The folks at HIKMICRO recently reached out to me about testing one of their infrared cameras, and they sent me a B20 camera to try out. The specs look pretty comparable to the FLIR E6-XT, but this camera retails for $549 on Amazon, which is about a quarter of the cost of the FLIR E6-XT. But I’ve learned that specs alone never tell the whole story, so I was quite skeptical. Because the E6 is a very similar camera that I’m quite familiar with, I’m going to compare these two cameras a lot in this review.
Note: the new version of the E6 is the E6-XT. I don’t own that camera.
Size, shape, and feel
The B20 is a traditional pistol-style infrared camera with a handle, a trigger, and a screen. It’s significantly smaller than the E6 in every dimension, which is great.
For home inspection work, the smaller the tool the better. It has a built-in lens cover for the infrared portion of the camera, but the optical lens doesn’t get covered by this. Why not? I think it should, and a slight modification to the design could have made this happen. Oh well, not the end of the world. I forget to use my lens cover half of the time anyway.
This camera takes pictures in portrait mode, which is definitely not my preference. All of the photos that we use for inspection reports are either in landscape mode or they’re square images. If we started using this camera for our reports, we’d likely hold it sideways, which means any temperature readings on the screen would appear sideways. Again, not the end of the world, but not ideal.
Unlike the E6, the B20 does not have a removable battery. Not a big deal, as it claims to have a 6-hour operating battery life. Wow. It also has a USB-C charging port, which is great.
Field of view
The B20 has a 37.2° x 50° field of view, which is very similar to the E6, which has a 45° x 34° field of view.
The B20 has a built-in optical camera, but unlike the E6, you can’t take an infrared image and an optical image at the same time. Switching between infrared and optical is very clunk. You have to hit menu, scroll down to image settings, select image settings, select preview mode, arrow down to optical, select it, then hit back three times. All of those steps would make the optical camera nearly useless for me.
Update: A firmware update has fixed this limitation, and the B20 can now capture optical and infrared images simultaneously, which is fantastic.
The real value of the optical camera is that it gives the B20 image blending, which combines an infrared image with an optical image. To see what I mean, check out the two comparison images below.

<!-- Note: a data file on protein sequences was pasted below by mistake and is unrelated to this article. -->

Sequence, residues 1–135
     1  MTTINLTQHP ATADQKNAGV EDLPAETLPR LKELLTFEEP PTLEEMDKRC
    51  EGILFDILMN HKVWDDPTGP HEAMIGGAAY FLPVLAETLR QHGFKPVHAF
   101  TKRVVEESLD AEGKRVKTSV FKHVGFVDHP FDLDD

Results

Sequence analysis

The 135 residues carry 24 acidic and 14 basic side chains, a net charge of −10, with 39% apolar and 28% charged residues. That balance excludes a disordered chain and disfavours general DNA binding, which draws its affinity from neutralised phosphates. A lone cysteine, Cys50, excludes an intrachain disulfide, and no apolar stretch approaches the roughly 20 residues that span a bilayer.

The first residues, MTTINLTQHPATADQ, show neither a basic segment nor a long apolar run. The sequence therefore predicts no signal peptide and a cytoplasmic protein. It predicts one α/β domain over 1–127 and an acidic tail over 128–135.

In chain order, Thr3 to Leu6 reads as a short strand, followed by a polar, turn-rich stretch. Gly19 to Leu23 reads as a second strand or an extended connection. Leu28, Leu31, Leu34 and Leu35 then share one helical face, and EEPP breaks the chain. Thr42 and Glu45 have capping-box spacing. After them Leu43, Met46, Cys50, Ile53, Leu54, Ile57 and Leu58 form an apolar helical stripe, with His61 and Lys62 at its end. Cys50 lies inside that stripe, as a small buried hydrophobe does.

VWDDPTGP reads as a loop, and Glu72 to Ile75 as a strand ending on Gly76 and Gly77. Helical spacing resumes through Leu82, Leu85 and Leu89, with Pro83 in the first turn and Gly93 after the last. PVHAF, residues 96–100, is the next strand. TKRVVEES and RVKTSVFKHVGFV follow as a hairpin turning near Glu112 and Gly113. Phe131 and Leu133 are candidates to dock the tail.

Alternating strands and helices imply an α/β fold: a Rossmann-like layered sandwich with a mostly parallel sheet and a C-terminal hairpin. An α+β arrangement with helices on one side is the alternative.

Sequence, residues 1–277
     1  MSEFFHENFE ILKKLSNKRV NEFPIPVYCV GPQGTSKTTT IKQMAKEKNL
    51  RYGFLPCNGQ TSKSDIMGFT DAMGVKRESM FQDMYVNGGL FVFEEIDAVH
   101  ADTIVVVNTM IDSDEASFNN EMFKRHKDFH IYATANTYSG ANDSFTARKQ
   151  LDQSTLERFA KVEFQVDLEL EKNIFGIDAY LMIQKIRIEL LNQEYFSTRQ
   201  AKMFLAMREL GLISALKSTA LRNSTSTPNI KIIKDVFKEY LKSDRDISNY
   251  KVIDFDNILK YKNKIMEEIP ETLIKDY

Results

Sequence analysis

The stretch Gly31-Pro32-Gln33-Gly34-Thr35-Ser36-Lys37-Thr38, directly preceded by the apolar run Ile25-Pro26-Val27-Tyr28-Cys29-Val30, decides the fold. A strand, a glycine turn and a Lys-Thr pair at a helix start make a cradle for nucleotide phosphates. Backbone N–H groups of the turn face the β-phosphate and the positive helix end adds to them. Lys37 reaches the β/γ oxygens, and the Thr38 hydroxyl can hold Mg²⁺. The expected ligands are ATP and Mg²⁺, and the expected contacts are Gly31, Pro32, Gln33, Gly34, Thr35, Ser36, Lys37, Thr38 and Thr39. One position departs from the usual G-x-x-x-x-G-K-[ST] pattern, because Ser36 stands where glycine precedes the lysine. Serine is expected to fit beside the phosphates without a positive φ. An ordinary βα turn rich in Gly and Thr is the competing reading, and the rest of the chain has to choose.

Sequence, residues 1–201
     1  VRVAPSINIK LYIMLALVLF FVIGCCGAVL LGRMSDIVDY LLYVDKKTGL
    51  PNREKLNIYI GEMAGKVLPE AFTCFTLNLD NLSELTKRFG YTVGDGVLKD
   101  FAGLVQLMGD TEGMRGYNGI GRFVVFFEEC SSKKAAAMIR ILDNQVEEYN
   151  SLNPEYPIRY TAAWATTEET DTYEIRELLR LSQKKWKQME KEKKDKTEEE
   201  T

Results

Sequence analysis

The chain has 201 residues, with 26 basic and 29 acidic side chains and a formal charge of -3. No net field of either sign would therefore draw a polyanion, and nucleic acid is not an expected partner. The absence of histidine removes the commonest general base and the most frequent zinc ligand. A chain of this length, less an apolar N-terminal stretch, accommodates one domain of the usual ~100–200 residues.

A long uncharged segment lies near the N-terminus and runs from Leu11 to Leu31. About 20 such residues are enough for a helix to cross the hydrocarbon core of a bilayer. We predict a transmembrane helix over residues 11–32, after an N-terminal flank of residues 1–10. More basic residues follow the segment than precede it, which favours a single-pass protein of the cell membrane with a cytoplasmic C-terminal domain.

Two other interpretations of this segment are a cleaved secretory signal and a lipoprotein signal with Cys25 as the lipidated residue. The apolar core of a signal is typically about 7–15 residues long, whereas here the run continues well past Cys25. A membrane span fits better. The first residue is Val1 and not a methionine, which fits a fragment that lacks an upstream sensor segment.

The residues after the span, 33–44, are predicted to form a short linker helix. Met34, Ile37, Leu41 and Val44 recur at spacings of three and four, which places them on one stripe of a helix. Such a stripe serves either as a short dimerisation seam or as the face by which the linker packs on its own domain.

Because the blended image looks so good, this is probably the only setting that I would use for home inspections.
The B20 has a resolution of 192×256 and a thermal sensitivity of < 40mK. This is better than the E6, which has a resolution of 160×120 and a sensitivity of < 60mK.
After downloading the mobile app for my phone, casting the infrared display to my phone was a snap. This is a handy feature for home inspectors who write reports on their mobile devices because the images are captured right where they need to be. There’s no need to manually transfer IR images from my camera to a computer or mobile device.
To take a photo with this camera, you need to pull the trigger twice. This is very annoying. Every infrared camera I’ve ever used takes a photo with one trigger pull. I hope future versions of this camera will change that or at least have a menu option to let me change that.
Fast boot. This camera takes about 10 seconds to boot up, which puts the E6 to shame. The E6 takes about 45 seconds. On the negative side, there’s no “sleep” feature for the B20. When you turn it off, it’s fully off, and you have to fully boot up again every time.
I captured several infrared images side-by-side with the FLIR E6. The B20 is on the left, and the E6 is on the right. Because the B20 takes images in portrait orientation, I held the E6 sideways to record these.
I’d say these images are comparable, but the blending of the infrared and optical images on the B20 tends to wash out some of the color differences. I personally prefer the look of the E6 images, but it’s not a huge difference. And just for fun, here are a couple of infrared-only images from both cameras:
The B20 clearly looks crisper and more defined, but it’s not an apples-to-apples comparison because the E6 only has a resolution of 160×120.
I’d call these two cameras comparable. I don’t like everything about the B20, but considering the fact that I could buy four of them for the price of a comparable FLIR, it’s very hard to justify the price of a FLIR camera.
Also, we’ve started using the FLIR C5 pocket cameras in place of the E6 cameras at my company, and HIKMICRO makes a direct competitor to that camera for a similar price, called the HIKMICRO Pocket2. Look for a review of that camera in the coming months.
For more info about this camera, visit HIKMICRO’s website, Facebook page, or Instagram page.
August 9, 2022, 11:05 am
Recently I have been doing a lot of research into purchasing a Thermal Imagery camera for my company and your videos have helped a lot with understanding many components that I need to look for (thanks for describing MSX, didn’t really understand it before your vid).
I am pretty sure my selection has come down to the FLIR C5 and the HIKMICRO Pocket2, but I haven’t seen any reviews that are helpful. I noticed that you were hoping to make a review and was just wondering if you had a date set for that video yet?
Thanks for your time and all that you do!
August 9, 2022, 12:35 pm
I’m guessing I won’t have a video posted for another two months or so. Sorry to keep you waiting!